So it's fair to say that Star Trek addressed apartheid and similarly oppressive systems in indirect ways (for better or worse). The Biko was only allowed to slip through the cracks because it was such a minor, indirect reference.

Why that name? I can't say for sure; almost nothing is known about this ship or the thinking behind it. The rest of this paragraph is speculation only. It's possible that another writer or member of the production staff suggested the name, but for now, the most likely source of it is Wolfe himself. He was a UCLA student in the 1980s, the decade after Steve Biko's murder, so I guess it's conceivable that he was exposed to some student-level anti-apartheid activism there. Perhaps the simpler explanation is that Cry Freedom (1987) had come out a few years before this episode was made; it's quite likely that Wolfe saw that and learned about Biko then. Maybe it was a bit of both, or neither.

Regardless of who chose the name or how they came to hear of Biko, it's fairly clear that Star Trek and Steve Biko fit well together, with common messages of equality, peaceful coexistence, and mutual support and development. Both embraced admittedly vague alternative forms of socialism, and rejected Soviet-style communism. Biko is also especially well known for his particular emphasis on self-improvement through education, which suits me very well, and also fits well with the Starfleet ideal of constantly learning and striving to improve and expand. It's worth reading his writing in more detail, to go beyond this very vague introductory comparison I've drawn here. But I think it's really no stretch at all to see why he might stick in the mind of a Star Trek writer.

I think it's appropriate (though most likely a matter of dumb luck, due to available stock footage) that the Biko is an Oberth-class science ship, making a routine supply run. A science ship fits better with Steve Biko's pro-education stance, and is immediately far more appropriate than anything overtly dumb and violent like a warship.

Friday, 18 August 2017

How to deal with neo-nazis without becoming a violent fool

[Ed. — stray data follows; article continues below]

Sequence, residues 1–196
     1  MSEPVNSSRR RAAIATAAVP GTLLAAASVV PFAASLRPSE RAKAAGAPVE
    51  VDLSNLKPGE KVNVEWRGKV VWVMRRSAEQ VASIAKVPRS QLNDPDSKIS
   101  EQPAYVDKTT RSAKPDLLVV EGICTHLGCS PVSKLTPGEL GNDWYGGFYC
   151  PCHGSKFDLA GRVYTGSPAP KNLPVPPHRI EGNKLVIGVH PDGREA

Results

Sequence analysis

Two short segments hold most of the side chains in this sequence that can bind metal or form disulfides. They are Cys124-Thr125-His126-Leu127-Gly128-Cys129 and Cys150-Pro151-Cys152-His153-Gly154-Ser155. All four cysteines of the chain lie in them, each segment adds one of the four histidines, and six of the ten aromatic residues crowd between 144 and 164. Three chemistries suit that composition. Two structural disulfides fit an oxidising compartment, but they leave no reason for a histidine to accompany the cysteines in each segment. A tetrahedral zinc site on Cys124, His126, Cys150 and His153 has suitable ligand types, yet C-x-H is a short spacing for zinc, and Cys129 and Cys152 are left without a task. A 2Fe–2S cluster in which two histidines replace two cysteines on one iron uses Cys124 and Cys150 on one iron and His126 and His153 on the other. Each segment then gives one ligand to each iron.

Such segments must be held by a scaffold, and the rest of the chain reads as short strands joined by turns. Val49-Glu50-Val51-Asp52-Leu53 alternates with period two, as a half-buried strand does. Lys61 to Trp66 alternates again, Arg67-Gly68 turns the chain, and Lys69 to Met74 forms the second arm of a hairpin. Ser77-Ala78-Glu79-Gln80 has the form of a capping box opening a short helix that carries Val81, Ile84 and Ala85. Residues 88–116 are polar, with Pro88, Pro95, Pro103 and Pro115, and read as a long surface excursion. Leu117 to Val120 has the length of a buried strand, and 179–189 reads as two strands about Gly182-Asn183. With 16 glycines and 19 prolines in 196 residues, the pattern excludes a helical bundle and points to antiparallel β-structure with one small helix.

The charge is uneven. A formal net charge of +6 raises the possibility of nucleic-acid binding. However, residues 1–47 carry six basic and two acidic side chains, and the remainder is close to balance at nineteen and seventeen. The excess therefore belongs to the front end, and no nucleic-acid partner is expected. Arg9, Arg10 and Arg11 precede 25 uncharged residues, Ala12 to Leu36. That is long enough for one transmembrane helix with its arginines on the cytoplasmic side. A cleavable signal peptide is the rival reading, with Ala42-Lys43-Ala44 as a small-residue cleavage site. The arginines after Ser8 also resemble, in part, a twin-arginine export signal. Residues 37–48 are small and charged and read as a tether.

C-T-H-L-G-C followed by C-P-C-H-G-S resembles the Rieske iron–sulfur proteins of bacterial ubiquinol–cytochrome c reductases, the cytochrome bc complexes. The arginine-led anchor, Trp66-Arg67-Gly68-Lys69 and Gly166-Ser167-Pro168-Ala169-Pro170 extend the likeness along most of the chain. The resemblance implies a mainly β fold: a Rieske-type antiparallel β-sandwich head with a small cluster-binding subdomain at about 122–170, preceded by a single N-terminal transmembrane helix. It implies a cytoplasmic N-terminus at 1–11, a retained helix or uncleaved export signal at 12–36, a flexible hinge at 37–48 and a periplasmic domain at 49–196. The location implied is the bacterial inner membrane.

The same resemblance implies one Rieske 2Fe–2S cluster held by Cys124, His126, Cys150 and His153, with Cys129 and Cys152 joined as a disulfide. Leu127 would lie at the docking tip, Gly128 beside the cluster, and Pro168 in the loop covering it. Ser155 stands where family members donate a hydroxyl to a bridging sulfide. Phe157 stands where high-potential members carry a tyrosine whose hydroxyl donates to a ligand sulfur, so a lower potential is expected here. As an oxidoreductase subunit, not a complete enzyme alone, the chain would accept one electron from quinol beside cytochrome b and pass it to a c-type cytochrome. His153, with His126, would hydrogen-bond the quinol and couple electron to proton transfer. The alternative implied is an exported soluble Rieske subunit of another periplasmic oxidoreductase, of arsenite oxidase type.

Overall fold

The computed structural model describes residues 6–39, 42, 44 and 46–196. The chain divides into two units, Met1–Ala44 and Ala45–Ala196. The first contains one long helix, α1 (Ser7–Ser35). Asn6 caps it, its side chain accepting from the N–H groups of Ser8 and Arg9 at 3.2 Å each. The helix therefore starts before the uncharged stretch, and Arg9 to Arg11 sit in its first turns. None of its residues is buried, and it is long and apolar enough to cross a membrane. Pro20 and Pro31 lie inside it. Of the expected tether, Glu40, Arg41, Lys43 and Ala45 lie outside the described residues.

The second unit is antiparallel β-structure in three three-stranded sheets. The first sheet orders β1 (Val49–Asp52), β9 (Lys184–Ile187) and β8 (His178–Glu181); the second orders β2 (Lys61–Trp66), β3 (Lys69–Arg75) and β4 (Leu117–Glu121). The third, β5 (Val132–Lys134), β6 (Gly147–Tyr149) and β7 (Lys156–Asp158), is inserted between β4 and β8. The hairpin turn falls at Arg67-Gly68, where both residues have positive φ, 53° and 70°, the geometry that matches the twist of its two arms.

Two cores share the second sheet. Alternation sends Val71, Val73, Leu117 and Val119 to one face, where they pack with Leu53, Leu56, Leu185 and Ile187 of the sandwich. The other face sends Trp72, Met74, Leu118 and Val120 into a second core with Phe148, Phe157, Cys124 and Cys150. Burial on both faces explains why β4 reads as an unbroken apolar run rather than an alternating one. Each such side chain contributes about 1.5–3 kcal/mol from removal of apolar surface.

It looks like the American news cycle is going to give us another 3 and a half years that will include regular infusions of nazi-like people poking themselves into public life. It's obviously bad that they want to be racist and fascist, and it may or may not be useful that they're now exposed to the light of day, rather than festering away in secret. But one thing that's going to keep bugging me a lot, every time, are the well-meaning but badly misguided opponents of nazism who keep going on about punching them. This response is dumb, at best.

I am not the world's supreme authority on deconversion techniques, nor on conflict resolution, but I have had more than the average amount of undergraduate and postgraduate training in this sort of thing. It was one of the main things that got me interested enough in politics to get a degree in it, though I subsequently went in other directions. But I do definitely know just enough to recognise that the total amateurs calling for violent rage don't know what they're talking about at all. To highlight this point, note that by far the most common reference they are relying on is the Indiana Jones series of movies. I haven't counted yet, but I'm pretty sure that the fictional pedophile colonialist thief main character in those movies actually kills a lot more non-nazis than nazis. In fact, brutal violence is that fictional character's solution to most problems. So let's start by agreeing that this and all similar works of fiction are dumb role models for real 21st century behaviour. People who believe otherwise need to grow up, quickly.

Another popular gambit people seem to be relying on lately is saying that anyone who fought against Germany in World War 2 (or at least the British and Americans, in some perspectives I've been given) somehow proves that violence against nazis is good, great, wonderful. This argument is a smidge superior to the totally fictional Indiana Jones, I will concede, but it still lacks an astounding comprehension of how history actually happened. Even if you think soldiers are fighting for a good cause, they're still functionally only there to kill other people. Arguing that they were doing a good thing is tantamount to arguing that war is a good thing. And you know who argues that war is good? Nazis. They fucking loved war, and many of their current neo-nazi followers have a similar veneration of all things violent and military. You know who hated war? The average non-nazi. This is a massive topic we could digress into for years, but give Spike Milligan's war autobiographies a read sometime, or any of the hundreds of similar accounts, and see how a typical person in the middle of that mess felt about it all. War is entirely shit, there is no good side in it, no true good guys, and World War II in particular was an unusually brutal and wide-ranging slaughter on the largest scale humans have ever seen. It's not a period in history we should be aspiring to, because it is beneath us, not above us. Saying you want to beat people is the first step in the cycle of escalation to war that humans have witnessed a million times and never fully learned our lesson from.

There may, I will very cautiously concede, be scenarios in which an innocent person must be rescued and ad hoc violence (by that person or third parties) may be needed to improvise their rescue. But that is a world away from sitting in your underwear at home, cold-bloodedly typing into Facebook that you think we should all plan ahead for beating groups of other people, as a routine and default action, to make them do what we want. That kind of statement is the statement of a bad guy. Don't do that.